4 Great Themes in Christopher Nolan’s Dunkirk (spoilers)

IMG_3231Dunkirk is first and foremost a movie about Dunkirk; the amazing deliverance of almost 300000 British soldiers from the French coast during World War II, largely via civilian charters. Inevitably, however, the film throws up other bigger issues, matters of enduring interest and concern. It is these that I would like to address in shorthand here:

1. Our insatiable appetite for hope: pier master Commander Bolton (Kenneth Branagh) is a sympathetically portrayed naval officer, who serves as the herald of both the extremity in which he and his men find themselves, and the emergence of hope from the cloud-dim waters of Dunkirk. In distinction from some modern war movies which portray only the leaden hopelessness of conflict, Nolan emphasises the power of aspiration, and our appetite for deliverance (more on that below). What is achieved is an enviable balance between hard reality and hope’s horizon. The glimmer of a smile which plays on Bolton’s lips as he spies civilian vessels draw near to ‘The Mole’ powerfully captures the human predicament: marooned between the rock of our circumstance and the hard place of vitriolic adversity, but daring to smile at hope’s tentative arrival.

2. The tenderness of paternal love: Nolan has (somewhat anachronistically) been criticised in some quarters for the absence of female characters in ‘Dunkirk’, but we should be thankful for his compelling picture of masculinity, regardless. Mark Rylance’s Mr Dawson is an economically drawn figure, but one whose paternal heart is evident. His mild authority, his pragmatically expressed compassion, his understated capacity for bravery, speak the name of a love that doesn’t always dare to identify itself publicly: fatherly affection. Dawson doesn’t needlessly emote, there is little effervescence to his personality, but he commands and commends, steers and reasons, and he deeply cares about the boys on board with him. Powerful indeed, inspiring as well.

3. Our stubborn and irreducible depravity: the evil of dive bombing a hospital ship is obvious, but so is the Goldingesque trawler sequence in which racism, rabid and selfish survivalism, and bullying cowardice are all too evident.

4. The enduring power of deliverance: the hemmed in men on Dunkirk beach are in need of deliverance which must be mediated through a miracle. The sight of dozens of civilian vessels emerging from the mist is deeply affecting. Even the boys on board the trawler understand both the need for and the cost of a substitute. In a world marked by cynicism about salvation, and arrogance about self-redemption, the image of uniformed men helplessly dependent on others is powerful. The relevance and power of these themes for those of us who believe in the need for personal deliverance from sin through Jesus Christ is overwhelming.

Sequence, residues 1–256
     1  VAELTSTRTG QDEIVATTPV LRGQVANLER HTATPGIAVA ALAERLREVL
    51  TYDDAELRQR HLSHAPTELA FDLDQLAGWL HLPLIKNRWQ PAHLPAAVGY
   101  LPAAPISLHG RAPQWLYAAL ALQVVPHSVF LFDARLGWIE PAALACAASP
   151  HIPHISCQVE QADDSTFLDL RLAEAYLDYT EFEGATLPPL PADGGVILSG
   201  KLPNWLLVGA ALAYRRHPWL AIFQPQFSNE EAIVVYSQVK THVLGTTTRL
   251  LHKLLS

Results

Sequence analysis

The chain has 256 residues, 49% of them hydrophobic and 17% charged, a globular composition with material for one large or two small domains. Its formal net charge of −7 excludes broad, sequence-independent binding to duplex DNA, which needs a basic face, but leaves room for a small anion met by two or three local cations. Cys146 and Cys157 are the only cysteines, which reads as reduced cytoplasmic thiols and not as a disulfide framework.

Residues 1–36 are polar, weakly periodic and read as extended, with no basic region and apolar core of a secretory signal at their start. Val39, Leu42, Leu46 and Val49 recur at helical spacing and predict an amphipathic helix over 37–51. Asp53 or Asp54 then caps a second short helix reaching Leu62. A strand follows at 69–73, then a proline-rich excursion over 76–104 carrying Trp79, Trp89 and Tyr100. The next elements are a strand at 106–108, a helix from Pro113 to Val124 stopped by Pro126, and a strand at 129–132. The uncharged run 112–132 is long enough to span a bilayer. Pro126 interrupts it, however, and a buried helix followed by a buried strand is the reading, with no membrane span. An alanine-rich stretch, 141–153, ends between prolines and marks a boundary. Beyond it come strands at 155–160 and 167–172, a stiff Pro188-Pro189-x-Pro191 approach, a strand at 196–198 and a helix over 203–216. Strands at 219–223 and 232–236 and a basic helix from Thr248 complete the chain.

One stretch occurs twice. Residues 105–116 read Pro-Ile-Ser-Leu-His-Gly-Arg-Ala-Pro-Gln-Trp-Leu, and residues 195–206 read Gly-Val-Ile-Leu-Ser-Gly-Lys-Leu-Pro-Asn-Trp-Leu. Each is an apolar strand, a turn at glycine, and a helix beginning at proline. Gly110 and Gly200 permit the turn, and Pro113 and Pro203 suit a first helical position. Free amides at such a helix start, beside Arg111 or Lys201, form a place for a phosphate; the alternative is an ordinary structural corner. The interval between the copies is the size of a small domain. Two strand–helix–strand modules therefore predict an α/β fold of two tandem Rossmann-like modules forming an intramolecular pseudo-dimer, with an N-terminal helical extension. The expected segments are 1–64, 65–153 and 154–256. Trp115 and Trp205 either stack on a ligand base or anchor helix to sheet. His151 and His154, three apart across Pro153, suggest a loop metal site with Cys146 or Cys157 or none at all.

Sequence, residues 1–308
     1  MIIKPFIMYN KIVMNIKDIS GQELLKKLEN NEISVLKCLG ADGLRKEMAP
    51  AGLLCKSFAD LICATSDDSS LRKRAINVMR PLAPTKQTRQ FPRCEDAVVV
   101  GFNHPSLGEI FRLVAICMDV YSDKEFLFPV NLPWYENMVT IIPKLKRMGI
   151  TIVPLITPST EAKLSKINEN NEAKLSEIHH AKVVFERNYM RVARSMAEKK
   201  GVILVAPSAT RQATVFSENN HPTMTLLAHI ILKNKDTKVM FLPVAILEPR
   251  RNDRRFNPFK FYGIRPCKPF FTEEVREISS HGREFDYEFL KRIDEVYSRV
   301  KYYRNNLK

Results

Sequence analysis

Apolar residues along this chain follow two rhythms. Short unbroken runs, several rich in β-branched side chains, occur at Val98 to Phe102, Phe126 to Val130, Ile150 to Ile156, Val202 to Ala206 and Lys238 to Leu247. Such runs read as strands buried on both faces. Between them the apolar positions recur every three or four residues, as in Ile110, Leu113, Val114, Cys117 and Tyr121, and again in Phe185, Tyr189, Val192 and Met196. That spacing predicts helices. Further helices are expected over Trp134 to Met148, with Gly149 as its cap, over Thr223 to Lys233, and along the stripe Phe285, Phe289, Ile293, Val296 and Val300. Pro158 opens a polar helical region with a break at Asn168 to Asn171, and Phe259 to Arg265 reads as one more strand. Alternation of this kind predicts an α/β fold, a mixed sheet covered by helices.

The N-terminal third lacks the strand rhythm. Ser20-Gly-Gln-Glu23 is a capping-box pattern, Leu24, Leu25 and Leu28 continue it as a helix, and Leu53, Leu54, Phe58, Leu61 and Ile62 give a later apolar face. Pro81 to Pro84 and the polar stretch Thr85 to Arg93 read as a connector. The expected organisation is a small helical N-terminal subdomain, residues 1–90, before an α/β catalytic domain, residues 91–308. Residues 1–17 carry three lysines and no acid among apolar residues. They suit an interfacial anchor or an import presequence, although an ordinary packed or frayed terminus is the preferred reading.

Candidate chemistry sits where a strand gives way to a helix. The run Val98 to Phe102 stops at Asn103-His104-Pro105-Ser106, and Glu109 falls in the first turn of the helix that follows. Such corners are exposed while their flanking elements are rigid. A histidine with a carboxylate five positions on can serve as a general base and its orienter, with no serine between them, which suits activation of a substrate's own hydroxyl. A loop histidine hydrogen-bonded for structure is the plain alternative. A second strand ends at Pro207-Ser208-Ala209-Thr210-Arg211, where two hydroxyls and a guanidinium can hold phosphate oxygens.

A letter to an anxious heart

Last night at Millisle Baptist we were studying Matthew 7:21-23 together, and thinking through the very real dangers of self-deception when it comes to issues of salvation. Afterwards one of our members very kindly wrote to me, inquiring about how they could be sure that they have really understood the gospel and accepted Christ as Saviour. The following is an anonymised version of my reply, offered here in the hope that it might help others, or that others might help me further clarify my response to this most pressing of issues:

Dear brother,

Many thanks for your email last night, for your encouragement, for sharing a little more of your own experiences spiritually, and for your questions which arise from a passage like Matthew 7:21-23.

I think that there are a few ways to respond to what you share. The gospel is such a simple message, and yet it can be so easily complicated. Our backgrounds, if they contained a lot of religion and not much relationship, can leave very confused feelings when we are confronted with the sheer face of the gospel. Also, a passage which urges us to avoid self-deception will naturally shake all of us out of any complacency about whether we have truly trusted Christ or not.

Because the past can be so hard to unpack I think that there are a few simple checks and measures that we can place on our spiritual lives. The following questions might be helpful to think through:

*Regardless of my past, regardless of how I may have misunderstood or misapplied the gospel previously, am I presently clinging to Christ alone for salvation?

*Have I repented of my sin, have I admitted that there is nothing that I can do to save myself, and have I come to Jesus asking him to forgive me and make me right on the strength of what he has done for me – with no additions or contributions from me?

*Am I trusting right now that my only hope of being saved now, and being finally saved in eternity, is Jesus’ death on the cross for me, and his risen power to save me?